Finding Financial Security Through Old-School Wisdom, by B.B. Robinson, Ph.D.

Isn’t it rich when something that was drilled into your head when you were a child starts making perfect sense?

For me, it was Proverbs 4:7 – “Wisdom is the principal thing, therefore get wisdom: and with all thy getting, get understanding.”

During the current economic crisis, this advice is especially relevant.

Black Americans appear to have been disproportionately affected by the subprime loan crisis.  Consider that,  according to a study by the National Community Reinvestment Coalition, subprime mortgage loans were more prevalent than prime loans among blacks in 98.5 percent of 331 metropolitan areas surveyed in 2003.

Why were subprime loans so prevalent?  Where were the warnings?

Passage of the Community Reinvestment Act – which essentially required increased diversity in lending – and other easy money lending policies were catalysts for increased subprime lending.  Motivated by profit, mortgage companies aggressively marketed subprime loans to financially-questionable Americans, black and white, who snapped them up.

Business is about contracts, and subprime mortgages were contracts stacked against the uninitiated and unaware. 

After becoming sick due to the consumption of subprime loans, the nation is now turning to economists for healing.  If economists are supposed to be able to prescribe a cure, why didn’t they warn us about them at the outset?  Specifically, where were the black economists?  Why didn’t they sound the alarm so that black Americans could avoid the subprime loan trap in the first place?   

For many black economists – and white economists for that matter – it was not a case of knowing and not telling.  It was more a case of not realizing the problem until it was too late.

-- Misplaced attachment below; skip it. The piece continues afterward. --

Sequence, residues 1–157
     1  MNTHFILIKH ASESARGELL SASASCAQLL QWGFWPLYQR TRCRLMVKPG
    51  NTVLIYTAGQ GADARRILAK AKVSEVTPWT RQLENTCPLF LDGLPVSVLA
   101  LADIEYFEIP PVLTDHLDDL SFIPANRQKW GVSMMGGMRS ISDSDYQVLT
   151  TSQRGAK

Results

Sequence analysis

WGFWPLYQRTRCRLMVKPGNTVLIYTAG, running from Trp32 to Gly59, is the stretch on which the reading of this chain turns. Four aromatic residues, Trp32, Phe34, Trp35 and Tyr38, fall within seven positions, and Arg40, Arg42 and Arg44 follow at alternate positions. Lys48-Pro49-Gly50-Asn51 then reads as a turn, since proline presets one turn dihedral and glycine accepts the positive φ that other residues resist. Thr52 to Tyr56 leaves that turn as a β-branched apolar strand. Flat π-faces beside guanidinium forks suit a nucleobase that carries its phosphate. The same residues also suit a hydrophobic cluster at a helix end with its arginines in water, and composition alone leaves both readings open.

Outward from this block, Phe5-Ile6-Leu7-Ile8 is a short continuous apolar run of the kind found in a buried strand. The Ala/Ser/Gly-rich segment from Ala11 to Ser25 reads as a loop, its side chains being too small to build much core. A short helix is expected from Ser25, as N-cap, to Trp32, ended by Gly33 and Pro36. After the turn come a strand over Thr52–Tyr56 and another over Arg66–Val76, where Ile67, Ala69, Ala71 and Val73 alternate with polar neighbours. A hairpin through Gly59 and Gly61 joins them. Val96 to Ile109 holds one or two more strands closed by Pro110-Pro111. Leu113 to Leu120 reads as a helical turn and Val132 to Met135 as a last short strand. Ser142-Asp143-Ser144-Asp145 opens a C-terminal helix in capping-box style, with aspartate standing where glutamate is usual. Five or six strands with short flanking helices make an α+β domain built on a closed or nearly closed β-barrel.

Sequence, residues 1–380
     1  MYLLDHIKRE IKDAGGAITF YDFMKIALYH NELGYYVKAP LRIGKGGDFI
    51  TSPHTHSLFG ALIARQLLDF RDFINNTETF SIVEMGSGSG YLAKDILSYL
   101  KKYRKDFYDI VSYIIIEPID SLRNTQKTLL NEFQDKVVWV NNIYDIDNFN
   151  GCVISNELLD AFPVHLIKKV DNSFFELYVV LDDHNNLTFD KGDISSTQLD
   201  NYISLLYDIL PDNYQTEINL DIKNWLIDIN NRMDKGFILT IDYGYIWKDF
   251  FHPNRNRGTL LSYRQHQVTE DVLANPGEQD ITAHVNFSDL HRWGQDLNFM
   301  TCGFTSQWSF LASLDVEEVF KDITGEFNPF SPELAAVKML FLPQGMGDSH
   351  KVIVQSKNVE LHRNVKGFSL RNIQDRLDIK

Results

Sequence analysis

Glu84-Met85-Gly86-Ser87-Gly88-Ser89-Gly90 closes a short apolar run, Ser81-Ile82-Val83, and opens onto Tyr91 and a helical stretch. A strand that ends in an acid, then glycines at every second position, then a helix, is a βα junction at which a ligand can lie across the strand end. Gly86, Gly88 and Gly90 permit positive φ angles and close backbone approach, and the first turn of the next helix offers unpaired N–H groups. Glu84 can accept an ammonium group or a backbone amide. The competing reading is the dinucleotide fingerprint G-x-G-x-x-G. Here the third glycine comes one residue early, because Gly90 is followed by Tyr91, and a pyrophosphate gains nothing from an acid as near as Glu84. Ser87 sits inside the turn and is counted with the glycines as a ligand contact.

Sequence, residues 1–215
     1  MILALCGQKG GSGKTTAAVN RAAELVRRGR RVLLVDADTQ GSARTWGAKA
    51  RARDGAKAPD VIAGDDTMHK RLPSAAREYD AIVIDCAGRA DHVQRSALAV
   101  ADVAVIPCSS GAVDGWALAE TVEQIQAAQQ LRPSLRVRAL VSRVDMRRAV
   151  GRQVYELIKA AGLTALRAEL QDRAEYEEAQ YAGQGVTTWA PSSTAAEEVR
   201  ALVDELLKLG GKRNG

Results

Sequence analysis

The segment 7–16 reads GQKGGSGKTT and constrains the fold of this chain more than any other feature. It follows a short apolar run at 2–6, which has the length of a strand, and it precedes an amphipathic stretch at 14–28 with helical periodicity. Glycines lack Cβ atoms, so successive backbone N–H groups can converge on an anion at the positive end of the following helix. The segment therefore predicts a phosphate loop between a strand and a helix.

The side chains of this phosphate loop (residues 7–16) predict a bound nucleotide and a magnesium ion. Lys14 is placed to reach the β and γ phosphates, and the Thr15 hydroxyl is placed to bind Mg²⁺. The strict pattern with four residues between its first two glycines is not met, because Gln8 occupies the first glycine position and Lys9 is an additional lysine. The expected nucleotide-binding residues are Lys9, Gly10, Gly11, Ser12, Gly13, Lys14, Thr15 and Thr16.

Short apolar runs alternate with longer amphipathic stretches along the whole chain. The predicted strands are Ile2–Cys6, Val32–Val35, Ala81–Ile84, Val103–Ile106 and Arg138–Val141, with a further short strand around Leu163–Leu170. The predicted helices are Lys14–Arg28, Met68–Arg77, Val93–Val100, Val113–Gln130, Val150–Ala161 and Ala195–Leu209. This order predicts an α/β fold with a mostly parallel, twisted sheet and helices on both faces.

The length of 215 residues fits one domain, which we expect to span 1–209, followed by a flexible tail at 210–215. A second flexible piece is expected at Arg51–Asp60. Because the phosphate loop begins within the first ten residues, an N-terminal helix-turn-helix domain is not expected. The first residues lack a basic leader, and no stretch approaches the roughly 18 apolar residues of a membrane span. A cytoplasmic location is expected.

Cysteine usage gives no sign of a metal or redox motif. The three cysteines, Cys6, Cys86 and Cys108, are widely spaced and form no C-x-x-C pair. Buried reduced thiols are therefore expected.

Like other disciplines, economics is compartmentalized.  Unless one specializes in financial economics, one wouldn’t necessarily be familiar with or focusing on developments in the financial markets.  Too many black economists instead specialize in labor economics and focus on employment discrimination. 

These black economists do a lot of getting, but they aren’t getting a balanced understanding.

Subprime mortgages were a creation of the financial sector.  As a member of the National Economic Association, an association of black economists, I know that the number of black financial economists is miniscule.

Black economists missed the warning signs.  Now, who’s responsible for saving those harmed in black America?

How about individual responsibility?  Those in trouble should fend for themselves.  Don’t look for black economists to come to the rescue.  They didn’t in the past, so why expect them now?

Thankfully, there is a means to get out of this crisis.  It’s easy to say, “That stuff is too complicated – only the experts understand it.”  How, then, did the experts learn it?  They either taught themselves or were taught.  But, even with good teachers, it is often better to do your own research and develop your own methods of problem solving.  

The idea that one should not practice on their own behalf  – that is, serve as your own doctor or lawyer – does not necessarily apply to financial matters.  Learn the basics.  Keep to simple practices.  Avoid complex investment schemes such as derivatives and subprime loans unless you completely understand them.

If you follow sound economic and financial principles, you can help solve any financial crisis you may face.

Avoid the “suffering servant,” “victim” and “I-need-an-expert” mentalities.  Endeavor to learn the basics of the financial system, as it will give you a better chance of weathering the storm.  Not only will this course allow you to gain knowledge, but also get you the proper wisdom and understanding necessary to survive and thrive economically.

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B.B. Robinson, Ph.D. is a member of the national advisory council of the black leadership network Project 21.   You can visit his website at  Comments may be sent to [email protected].

Published by The National Center for Public Policy Research. Reprints permitted provided source is credited. New Visions Commentaries reflect the views of their author, and not necessarily those of Project 21 or the National Center for Public Policy Research.

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